To get rid of an enemy, one must love him. - Leo Tolstoy
RFE/RL Daily Report

No. 50, 12 March 1992





SUCCESSOR STATES TO THE USSR

PRESIDIUM OF RUSSIAN PARLIAMENT DISCUSSES ATTEMPTS TO CONVENE
USSR CONGRESS. On 11 March the Presidium of the Russian parliament
called attempts to reconvene the USSR Congress of People's Deputies
on 17 March "an assault on the sovereignty of the Russian Federation,"
"Ostankino" television reported that day. The presidium called
on the Russian government, the government of Moscow, and its
mayor's office not to allow the meeting of the USSR Congress
to take place. That same day Moscow newspapers published a statement
from the Moscow mayor, Gavriil Popov, who described the plans
of the Communist-nationalist opposition bloc to reconvene the
USSR Congress as "another coup attempt." (Vera Tolz)

LUKYANOV PROPOSED AS USSR PRESIDENT. Some former USSR deputies
who want to hold an unofficial Congress of USSR People's Deputies
in Brest on 17 March, have proposed Anatolii Lukyanov for the
post of head of the Soviet state, Moskovskie novosti (No. 10)
reported. Lukyanov, who was chairman of the ex-USSR Supreme Soviet,
is currently in prison and under investigation for his role in
the putsch. Commenting on the emerging conservativism among the
deputies, First Deputy Chairman of the Russian Supreme Soviet
Sergei Filatov told ITAR-TASS on 11 March that conservative forces
may also dominate at the forthcoming Russian Congress of People's
Deputies which will begin on 6 April. Filatov blamed the emergence
of a strong conservative reaction on the failure of democrats
to unite. (Alexander Rahr)

COUNCIL OF OPPOSITION MOVEMENTS SET UP. Leaders of 25 extreme
nationalist and Communist groups announced the creation of the
joint Council of Opposition Movements, ITAR-TASS reported on
11 March. The leaders, including member of the Russian parliament
Sergei Baburin, former member of the leadership of the Russian
Communist Party Gennadii Zyuganov and writer Aleksandr Prokhanov,
held a press conference in Moscow on 11 March at which they called
for a meeting of the USSR Congress of People's Deputies and a
mass anti-government demonstration to be held on 17 March. (Vera
Tolz)

CIS STRUCTURES START WORK. Some CIS structures seem to function
despite other disagreements among former Soviet republics. The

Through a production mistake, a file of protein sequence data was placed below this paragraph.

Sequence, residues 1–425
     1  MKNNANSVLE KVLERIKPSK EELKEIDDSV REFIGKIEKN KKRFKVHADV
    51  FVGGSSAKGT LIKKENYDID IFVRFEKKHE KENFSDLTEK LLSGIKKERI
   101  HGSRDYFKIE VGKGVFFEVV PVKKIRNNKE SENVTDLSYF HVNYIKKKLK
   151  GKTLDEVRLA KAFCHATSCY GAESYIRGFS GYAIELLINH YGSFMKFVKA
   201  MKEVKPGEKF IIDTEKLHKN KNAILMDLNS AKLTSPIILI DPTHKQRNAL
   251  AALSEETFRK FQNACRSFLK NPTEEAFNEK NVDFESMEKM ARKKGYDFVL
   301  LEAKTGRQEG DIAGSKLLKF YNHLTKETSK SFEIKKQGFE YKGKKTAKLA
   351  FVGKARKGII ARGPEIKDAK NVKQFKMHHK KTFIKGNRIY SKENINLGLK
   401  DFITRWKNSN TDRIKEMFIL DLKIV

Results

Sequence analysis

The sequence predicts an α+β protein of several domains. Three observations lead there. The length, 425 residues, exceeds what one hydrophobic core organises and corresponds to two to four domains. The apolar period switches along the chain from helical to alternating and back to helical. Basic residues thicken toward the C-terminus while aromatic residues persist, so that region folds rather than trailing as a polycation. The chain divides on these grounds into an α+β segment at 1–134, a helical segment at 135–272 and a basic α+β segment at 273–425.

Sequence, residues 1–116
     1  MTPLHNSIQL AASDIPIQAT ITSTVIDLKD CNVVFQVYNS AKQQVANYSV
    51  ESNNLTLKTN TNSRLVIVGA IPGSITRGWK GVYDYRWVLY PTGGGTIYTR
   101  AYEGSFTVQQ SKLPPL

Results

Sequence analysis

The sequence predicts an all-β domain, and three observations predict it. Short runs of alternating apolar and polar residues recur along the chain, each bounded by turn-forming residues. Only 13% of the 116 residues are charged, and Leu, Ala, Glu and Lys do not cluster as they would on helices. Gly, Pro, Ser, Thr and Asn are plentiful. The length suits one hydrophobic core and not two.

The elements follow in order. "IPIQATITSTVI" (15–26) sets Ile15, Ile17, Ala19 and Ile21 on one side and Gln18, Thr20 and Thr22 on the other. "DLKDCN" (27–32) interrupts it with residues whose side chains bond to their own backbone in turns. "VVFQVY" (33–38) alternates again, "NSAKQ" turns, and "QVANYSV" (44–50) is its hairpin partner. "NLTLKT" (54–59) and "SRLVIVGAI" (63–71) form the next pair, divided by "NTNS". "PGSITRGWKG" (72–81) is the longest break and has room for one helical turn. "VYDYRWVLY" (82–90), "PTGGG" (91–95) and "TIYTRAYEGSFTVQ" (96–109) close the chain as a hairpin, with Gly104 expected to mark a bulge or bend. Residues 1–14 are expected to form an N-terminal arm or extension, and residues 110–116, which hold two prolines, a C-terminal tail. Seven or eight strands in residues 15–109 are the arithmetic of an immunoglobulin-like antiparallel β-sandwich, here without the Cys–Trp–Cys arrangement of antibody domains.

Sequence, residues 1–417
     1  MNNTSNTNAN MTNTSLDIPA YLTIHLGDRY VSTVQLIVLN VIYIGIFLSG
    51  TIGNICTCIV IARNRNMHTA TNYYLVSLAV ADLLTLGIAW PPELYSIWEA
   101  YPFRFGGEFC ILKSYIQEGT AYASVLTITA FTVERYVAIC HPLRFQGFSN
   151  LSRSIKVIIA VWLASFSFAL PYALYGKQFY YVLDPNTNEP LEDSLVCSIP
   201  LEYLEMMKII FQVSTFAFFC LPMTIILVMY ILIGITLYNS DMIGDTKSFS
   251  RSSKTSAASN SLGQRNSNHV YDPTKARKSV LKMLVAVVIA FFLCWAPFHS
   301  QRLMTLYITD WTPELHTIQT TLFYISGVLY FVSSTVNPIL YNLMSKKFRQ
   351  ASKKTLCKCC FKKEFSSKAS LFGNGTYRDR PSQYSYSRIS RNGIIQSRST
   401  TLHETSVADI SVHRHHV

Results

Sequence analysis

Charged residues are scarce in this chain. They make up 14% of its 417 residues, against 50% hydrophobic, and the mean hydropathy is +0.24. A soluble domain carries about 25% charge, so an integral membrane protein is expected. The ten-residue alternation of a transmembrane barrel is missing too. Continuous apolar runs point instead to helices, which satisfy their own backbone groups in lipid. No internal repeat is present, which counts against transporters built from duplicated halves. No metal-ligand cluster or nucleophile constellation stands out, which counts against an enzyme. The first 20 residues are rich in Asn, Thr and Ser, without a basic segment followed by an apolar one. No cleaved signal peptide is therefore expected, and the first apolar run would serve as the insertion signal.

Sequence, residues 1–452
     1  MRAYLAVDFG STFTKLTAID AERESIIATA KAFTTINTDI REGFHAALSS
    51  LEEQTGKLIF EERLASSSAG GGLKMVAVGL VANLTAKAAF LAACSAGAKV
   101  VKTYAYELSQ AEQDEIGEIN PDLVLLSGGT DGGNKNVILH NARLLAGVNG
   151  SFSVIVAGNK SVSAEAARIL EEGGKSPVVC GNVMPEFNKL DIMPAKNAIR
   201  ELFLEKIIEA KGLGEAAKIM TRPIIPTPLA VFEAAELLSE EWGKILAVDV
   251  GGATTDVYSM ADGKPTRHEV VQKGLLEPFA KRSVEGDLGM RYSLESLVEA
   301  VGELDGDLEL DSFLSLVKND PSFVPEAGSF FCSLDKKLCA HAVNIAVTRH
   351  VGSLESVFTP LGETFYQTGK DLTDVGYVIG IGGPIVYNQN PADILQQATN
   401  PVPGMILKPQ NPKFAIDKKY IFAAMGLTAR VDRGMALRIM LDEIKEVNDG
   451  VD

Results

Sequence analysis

first meeting of the CIS Council for Railway Transportation took
place in Moscow, ITAR-TASS reported on 10 March. All CIS member
states sent their representatives to the meeting and Georgia
asked for observer status at the council. The Russian Minister
of Railway Transportation Gennadii Fadeev was elected chairman
of the Council for 1992. (Alexander Rahr)

IMF STABILIZATION PACKAGE SOON? Several reports from Washington
and Moscow suggest that a package of assistance and stabilization
measures for Russia will be completed in the next few weeks by
the International Monetary Fund. The reports differ, however,
on the dates and on whether the package will be fully funded.
The Washington Post of 11 March gives the impression that a quantification
of the aid required by Russia will be approved by the Fund's
directors on 27 April, but it is still not clear where the money
will come from. All sources quote these requirements as adding
up to about $12 billion in food donations, debt relief, and other
financing, plus $5 to $6 billion for a ruble stabilization fund.
(Keith Bush)

DETAILS OF THE STABILIZATION FUND. The Boston Globe of March
12 reckons that the assistance and stabilization package could
be approved by the IMF Executive Board on 30 March, and implies
that it will be fully funded. It cites Anders Aslund, one of
the Russian government's Western advisers, as explaining how
the figure of $5 billion was arrived at. It is calculated to
cover five weeks of imports: at present, according to Aslund,
the Russian government has only $100 million in reserves--enough
to pay for one day's imports. Aslund believes that the stabilization
fund would enable the ruble to be pegged at about 25 to $1; without
it, the ruble might stabilize at around 75 to $1. (Keith Bush)


RUBLE EXCHANGE RATE. At the currency auction in Moscow on 10
March, it took 140 rubles to buy $1, i.e., virtually unchanged
from the previous week's rate, Interfax reported on 11 March.
The lowest point for the ruble was recorded in January, when
it fell to 230 rubles to the dollar. (Keith Bush)

PRIVATIZATION OF LAND IN RUSSIA. A Russian presidential edict
"On the sale of land to citizens and legal persons in connection
with the privatization of state and municipal enterprises" has
achieved parliamentary approval under the one-week time-limit
for parliamentary rejection of these edicts. It allows non-farm
land to be bought, and not merely leased, when the state enterprise
occupying that land is privatized or when such a plant is extended.
Kommersant (March 9) describes this as a breakthrough for both
domestic and foreign business. More detailed legislation will
however be needed. The edict went to parliament on February 29,
so it came into effect on March 6. (Philip Hanson)